• Difference in height
    273 m
  • Route interest
    From the Gîte de Bélouve viewpoint over the whole Cirque of Salazie Forest of highland tamarins and highland coloured wood Viewpoint over the Trou de Fer
  • Equipment
    Gourd, raincoat, hiking shoes, warm clothes, energy food, sunscreen, bandages, hat, detailed maps, camera.
  • Did you know ?
    Indigenous species are species that arrived on the island by natural means and were present before the arrival of man. Among the indigenous species, some have progressively changed to create new species. They are then called endemic and do not exist anywhere else in the world. Exotic species are species introduced intentionally or not by humans. Primary forests are natural environments never modified by man. The Highland Tamarind is a tree that grows between 1200 and 1900 metres above sea level in a moderate-temperature environment and abundant rainfall. Its Latin name, acacia heterophylla, comes from the fact that the shape of the leaves of the young tamarind is totally different from that of the mature tamarind: initially bipinnate, the leaves become long and flattened once mature. Another peculiar feature is the fact that the seeds of the Highland Tamarind germinate only when they have been exposed to strong heat. They can germinate several decades after falling to the ground. Highland tamarind wood is used in carpentry (shingles, and in the past for traditional canoes) and as firewood.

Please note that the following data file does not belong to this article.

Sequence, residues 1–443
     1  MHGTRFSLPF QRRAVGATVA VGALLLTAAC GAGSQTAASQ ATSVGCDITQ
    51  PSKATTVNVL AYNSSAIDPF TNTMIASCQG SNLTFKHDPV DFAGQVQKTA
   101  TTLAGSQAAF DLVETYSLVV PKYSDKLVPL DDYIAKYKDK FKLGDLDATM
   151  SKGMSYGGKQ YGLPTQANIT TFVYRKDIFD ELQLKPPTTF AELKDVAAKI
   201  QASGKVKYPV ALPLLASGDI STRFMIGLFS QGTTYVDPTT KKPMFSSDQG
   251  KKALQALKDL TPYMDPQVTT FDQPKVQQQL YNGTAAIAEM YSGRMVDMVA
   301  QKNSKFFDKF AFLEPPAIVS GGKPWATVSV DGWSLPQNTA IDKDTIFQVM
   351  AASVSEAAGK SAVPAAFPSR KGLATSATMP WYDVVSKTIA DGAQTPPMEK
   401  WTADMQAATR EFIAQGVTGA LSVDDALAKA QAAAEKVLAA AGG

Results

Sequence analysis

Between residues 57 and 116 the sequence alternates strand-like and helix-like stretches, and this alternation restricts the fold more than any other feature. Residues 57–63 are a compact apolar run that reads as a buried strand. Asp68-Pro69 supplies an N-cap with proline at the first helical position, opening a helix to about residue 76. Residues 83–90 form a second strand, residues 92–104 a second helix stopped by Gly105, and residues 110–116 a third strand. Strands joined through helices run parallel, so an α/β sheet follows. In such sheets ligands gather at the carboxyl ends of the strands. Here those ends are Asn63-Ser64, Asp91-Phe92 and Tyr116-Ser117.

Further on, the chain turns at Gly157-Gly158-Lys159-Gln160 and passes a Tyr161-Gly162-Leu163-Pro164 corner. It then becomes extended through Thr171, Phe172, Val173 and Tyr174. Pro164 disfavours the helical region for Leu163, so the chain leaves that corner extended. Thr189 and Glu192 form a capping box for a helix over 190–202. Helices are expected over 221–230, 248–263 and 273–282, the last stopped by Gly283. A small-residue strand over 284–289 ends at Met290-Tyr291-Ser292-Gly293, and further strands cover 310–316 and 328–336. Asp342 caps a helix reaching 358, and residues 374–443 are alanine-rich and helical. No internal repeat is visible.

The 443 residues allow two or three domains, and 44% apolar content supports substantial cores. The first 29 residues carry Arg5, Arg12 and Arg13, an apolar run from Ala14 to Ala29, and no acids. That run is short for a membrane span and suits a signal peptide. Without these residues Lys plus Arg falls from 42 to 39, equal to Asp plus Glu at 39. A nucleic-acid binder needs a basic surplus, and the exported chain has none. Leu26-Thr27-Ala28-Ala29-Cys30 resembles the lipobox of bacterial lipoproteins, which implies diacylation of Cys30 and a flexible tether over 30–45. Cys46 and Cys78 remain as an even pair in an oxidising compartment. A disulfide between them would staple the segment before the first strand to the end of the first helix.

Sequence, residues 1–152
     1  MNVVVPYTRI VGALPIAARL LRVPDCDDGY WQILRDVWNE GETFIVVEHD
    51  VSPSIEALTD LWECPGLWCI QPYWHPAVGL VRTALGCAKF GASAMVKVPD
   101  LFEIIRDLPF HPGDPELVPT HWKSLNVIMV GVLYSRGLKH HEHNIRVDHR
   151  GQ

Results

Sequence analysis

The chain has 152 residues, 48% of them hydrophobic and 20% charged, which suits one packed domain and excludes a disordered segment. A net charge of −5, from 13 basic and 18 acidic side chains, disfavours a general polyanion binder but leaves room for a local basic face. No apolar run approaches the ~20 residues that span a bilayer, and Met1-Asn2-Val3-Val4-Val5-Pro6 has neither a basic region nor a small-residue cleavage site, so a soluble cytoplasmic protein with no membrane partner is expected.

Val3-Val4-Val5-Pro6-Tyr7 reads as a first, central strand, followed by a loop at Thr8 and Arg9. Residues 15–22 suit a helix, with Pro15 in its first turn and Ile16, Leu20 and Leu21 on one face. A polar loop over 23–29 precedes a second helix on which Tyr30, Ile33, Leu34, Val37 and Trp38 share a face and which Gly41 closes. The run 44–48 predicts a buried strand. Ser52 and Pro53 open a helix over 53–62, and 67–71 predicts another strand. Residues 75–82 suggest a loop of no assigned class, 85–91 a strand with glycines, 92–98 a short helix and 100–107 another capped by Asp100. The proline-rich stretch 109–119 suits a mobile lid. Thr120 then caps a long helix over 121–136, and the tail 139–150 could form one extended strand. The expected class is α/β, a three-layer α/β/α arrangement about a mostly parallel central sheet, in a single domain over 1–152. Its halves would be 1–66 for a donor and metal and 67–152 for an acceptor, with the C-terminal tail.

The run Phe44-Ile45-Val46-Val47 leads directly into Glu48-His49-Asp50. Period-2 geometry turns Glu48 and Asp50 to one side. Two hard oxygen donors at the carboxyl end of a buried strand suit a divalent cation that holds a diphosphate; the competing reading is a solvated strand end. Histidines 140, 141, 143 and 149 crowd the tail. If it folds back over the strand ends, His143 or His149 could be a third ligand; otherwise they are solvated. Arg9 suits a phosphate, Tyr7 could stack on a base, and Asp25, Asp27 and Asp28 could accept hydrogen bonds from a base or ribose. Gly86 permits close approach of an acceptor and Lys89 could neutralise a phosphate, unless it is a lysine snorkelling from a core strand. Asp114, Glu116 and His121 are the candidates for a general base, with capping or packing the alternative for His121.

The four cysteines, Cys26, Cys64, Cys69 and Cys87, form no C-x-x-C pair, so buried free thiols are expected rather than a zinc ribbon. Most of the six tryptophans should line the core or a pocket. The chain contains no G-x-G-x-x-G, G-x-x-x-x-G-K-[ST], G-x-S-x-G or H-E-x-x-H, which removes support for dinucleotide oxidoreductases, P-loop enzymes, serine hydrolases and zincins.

• Documentation
    GPX / KML files allow you to export the trail of your hike to your GPS (or other navigation tool)
How to reach the start
From the west, take the dual carriageway towards Saint Denis, then Saint Benoit. Passing through Saint Benoit, head for Plaine des Palmistes. When you reach Plaine des Palmistes, once you’ve passed the Tourelles estate, take a right turn to La Petite Plaine, Bébour. Follow this direction and, after 9 kilometres, you arrive at Col de Bébour. Continue along this forest road for 10 kilometres. The forest road goes through the forest of Bébour. At the end of the forest road, the car park located at the foot of Coteau Monique can accommodate hikers’ cars. Coteau Monique marks the border between the forests of Bébour and Bélouve. Arriving in front of the car park at Coteau Monique, the barrier which closes off the road on Sundays and public holidays is open during the week. Continue on this road until the last car park before arriving at the gîte.